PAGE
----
Sunday, January 24, 2010

Eater's Remorse: Chemical Ingestion is Gross

I've been regaling those around me with tales of what I've come to the conclusion is an incurable disease. Online health forums all yield no results, only similar pleas for help, and hundreds of dollars worth of co-pays later, doctors laugh and tell me it's an unusual problem they've never encountered before.

Ladies and gentlemen, I cannot cease burping.

Right?! How silly is that? All my life, I've lamented my total inability to do so without trying really, really, really hard and eating something exceptionally fizzy, and now, ever since I was on meds for my TMJ (yes, I am aware I have an obvious underbite from a side view; no, I do NOT want cosmetic surgery to "fix" the appearance of my face -- I've known this face all my life, and it's served me fairly well), I can't seem to stop. They're weird ... hiccup-y burps coming from where heartburn usually stems from, popping and gurgling to my great annoyance every few minutes. In short, I am the equivalent of a hiccuping small child who just can't seem to stop.

Now, this wouldn't be more than a minor embarrassment if not for the fact that this burping were uncomfortable if stifled, and at times painful; and that the air going to my head literally makes me air-headed, and therefore dizzy. (See? Two punnies in one! Now it's three!) This light-headedness then makes me feel vaguely motion-sick, which leads to nausea. All this equates suckiness.

This makes it hard to eat stuff. Maybe it's my long-anticipated punishment for a life of gluttony, my normally friendly stomach finally rebelling and shouting, "Enough! I can't stretch any further!" However, eating is the only time I ever stop burping, and so the vicious cycle continues as I expand evermore.

So anyway, that's the backstory of why this week, I had to ingest chemicals of a ghastly nature.

As an ex-food writer and a current foodie (still, since I hope to be friends with my stomach once again), the idea of doing what they call a Barium Swallow to check out my innards really grossed me out. The concept of voluntarily drinking a cupful of chemicals is revolting to me, since I don't even like taking pills due to my lack of trust in said chemicals. (Which could more or less be perfectly founded, given that I didn't have this burping issue until I started on muscle relaxers and anti-inflammatories for my aching jaw.)

The concept behind a Barium Swallow is this: it goes in your mouth, down your throat, into your stomach, then your small intestine, covering everything in a thick coat so that the x-rays will reveal any kind of abnormality. I did an "esophageal" one, which I can only assume that the focus was to look at my throat and its functions.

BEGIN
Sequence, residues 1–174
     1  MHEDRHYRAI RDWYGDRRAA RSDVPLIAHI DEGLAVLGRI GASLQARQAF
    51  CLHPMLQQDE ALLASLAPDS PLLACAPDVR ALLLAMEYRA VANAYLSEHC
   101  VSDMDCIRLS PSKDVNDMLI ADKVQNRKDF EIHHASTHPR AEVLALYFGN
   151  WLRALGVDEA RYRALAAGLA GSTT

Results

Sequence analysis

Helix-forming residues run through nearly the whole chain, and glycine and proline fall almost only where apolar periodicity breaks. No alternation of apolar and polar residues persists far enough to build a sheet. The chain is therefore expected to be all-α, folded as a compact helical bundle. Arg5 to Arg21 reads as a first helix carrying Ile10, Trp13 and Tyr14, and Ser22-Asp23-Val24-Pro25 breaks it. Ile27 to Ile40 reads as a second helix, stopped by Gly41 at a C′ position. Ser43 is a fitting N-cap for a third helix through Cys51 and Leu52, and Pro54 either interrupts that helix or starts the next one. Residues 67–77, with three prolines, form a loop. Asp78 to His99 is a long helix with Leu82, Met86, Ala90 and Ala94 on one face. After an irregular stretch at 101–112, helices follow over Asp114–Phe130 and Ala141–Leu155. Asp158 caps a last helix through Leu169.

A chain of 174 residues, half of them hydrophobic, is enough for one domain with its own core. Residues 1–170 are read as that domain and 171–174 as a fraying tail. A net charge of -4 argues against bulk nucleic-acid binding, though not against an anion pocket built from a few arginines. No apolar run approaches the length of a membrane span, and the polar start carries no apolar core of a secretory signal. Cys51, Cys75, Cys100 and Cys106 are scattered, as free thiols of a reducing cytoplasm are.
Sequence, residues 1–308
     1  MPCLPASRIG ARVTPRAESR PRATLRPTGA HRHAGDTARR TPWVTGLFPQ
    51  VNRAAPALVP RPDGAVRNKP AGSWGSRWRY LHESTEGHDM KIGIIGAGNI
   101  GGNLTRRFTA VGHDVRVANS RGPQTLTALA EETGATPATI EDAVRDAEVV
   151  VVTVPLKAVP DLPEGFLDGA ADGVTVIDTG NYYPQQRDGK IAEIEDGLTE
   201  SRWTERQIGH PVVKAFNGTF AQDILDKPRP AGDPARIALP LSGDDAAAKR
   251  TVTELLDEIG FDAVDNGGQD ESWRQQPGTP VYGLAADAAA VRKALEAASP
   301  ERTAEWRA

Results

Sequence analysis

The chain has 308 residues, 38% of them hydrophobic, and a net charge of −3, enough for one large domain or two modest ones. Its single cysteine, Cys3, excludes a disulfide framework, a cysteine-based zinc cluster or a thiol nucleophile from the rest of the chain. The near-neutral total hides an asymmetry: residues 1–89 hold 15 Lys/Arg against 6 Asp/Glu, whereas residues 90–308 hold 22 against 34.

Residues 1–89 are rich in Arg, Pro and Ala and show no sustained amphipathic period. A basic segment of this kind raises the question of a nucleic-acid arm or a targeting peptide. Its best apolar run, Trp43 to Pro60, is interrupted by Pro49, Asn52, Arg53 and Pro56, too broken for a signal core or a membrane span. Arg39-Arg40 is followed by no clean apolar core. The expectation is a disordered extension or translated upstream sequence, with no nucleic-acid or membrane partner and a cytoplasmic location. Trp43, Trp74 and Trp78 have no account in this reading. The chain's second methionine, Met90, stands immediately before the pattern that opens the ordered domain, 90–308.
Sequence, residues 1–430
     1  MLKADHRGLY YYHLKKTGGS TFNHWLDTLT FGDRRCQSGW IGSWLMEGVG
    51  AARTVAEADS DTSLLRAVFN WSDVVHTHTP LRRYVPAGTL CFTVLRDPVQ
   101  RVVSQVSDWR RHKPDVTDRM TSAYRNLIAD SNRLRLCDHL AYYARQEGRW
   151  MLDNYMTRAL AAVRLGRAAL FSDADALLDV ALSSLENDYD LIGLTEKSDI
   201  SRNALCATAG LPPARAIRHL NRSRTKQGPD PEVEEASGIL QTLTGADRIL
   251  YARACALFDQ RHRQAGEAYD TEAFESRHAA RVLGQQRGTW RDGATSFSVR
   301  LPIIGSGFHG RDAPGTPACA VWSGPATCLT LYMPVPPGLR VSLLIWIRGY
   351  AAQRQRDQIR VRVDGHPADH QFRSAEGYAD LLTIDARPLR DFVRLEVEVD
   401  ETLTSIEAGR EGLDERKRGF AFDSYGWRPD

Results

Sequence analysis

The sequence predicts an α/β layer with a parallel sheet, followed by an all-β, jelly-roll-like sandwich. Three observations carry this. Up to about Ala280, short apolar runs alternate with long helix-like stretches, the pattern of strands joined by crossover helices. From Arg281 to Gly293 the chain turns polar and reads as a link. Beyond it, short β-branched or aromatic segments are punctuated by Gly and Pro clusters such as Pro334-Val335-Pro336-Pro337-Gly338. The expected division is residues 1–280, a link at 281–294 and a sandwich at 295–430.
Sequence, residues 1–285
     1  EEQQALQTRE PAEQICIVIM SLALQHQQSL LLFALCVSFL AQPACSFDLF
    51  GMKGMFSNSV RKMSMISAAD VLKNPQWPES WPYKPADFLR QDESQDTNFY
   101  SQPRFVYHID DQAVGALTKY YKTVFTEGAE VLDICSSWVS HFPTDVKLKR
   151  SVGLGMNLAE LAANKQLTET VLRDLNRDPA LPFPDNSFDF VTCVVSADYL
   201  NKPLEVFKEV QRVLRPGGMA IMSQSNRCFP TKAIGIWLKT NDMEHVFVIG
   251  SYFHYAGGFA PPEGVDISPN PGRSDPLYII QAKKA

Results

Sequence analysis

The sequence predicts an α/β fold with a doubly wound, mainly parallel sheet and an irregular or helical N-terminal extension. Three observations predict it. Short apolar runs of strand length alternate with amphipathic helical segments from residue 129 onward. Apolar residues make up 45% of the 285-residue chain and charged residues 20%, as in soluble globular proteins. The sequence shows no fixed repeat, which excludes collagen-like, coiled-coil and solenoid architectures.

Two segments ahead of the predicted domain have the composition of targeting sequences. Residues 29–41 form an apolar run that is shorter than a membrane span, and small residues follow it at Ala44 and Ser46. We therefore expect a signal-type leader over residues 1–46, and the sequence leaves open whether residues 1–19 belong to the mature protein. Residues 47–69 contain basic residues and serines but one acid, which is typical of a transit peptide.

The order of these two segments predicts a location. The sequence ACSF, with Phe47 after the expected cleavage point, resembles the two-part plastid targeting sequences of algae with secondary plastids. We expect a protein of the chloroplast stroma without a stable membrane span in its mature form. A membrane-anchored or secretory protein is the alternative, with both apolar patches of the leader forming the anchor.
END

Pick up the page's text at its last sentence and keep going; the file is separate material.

Well, it all sounds very simple until it's go time.

I was put in a cloth hospital gown and asked to take a shot of something extremely fizzy. Then, I was given a big paper Dixie cup full of what looked like some of Elmer's best white stuff, more commonly found in kindergarten classrooms around the nation than your local doctor's office. Being who I am, I of course smelled it first.

It didn't smell like much. The best way to describe it was that it smelled like vaguely sweet ... goo. Really, that rubbery, odorless sensation that has no distinction of its own other than to emote its texture through what can only narrowly be classified as scent.

Downing it was a horror. This shit was foul. Now, I'm no shrinking violet when it comes to medication, being that I'd drink pink Amoxicillin shakes if they existed (Boy hates that stuff) and, in trying to control my burping, pop Maalox chewables like candy (it didn't work, in case you were wondering), but this was a whole other kind of just FOUL experience.

It didn't taste terrible, but it felt foreign and invasive. So thick, its consistency was more dense than the glue it so closely resembled. In fact, it's so wildly dense that it's hard just to get it past your lips, since it almost feels like attempting to swallow a very large, cup-shaped blob whole. It sticks to your lips and the skin all around it, forming a layer of residue that clings desperately to your face, adding self-consciousness to the negative feelings you're already feeling. A chalky aftertaste that smells vaguely of Play-Doh accompanied each sip, and I had to literally force myself to allow the substance to slide its globby self down my throat. What made it even worse than that was that it wasn't a smooth slide -- the Barium required serious gulping as glob after glob was pushed down into my stomach. The idea of letting this nasty feeling repeat repelled me, but I had no choice, since the absolute worst part of it all is that you're asked to basically chug it down.

I've never been much of a chugger. I drink a margarita every hour, and it takes me eons to get through a glass of wine. I'm a savorer, and I like to eat things and thing about them and roll the feeling and flavor around in my mouth a little bit. So being asked to slam down a cup of glue was not only insanely vile, but against my nature.

Ironically, at first glance, the technicians said my pictures looked pretty normal ... same as the ultrasound doctor had said about my stomach scan, which he had (hilariously, to me ... not so much to other doctors) proclaimed "grossly normal," as if it were a disappointment.

Anyhow, all I can do at this point is to hope that they figure out wtf is wrong with me. A clean bill of health is normally a good thing, but when you know something's wrong and no one knows what that "something" is, and you keep spending $40 at a time to be told, "Yes, that's very strange -- I've never seen such a thing," being proclaimed healthy gets old.

Until then, I'm on my fourth week of being off coffee, wine, alcohol, too much sugar, too much vinegar, tomatoes, onions, broccoli, and other things that used to make my life awesome. *Sigh.*

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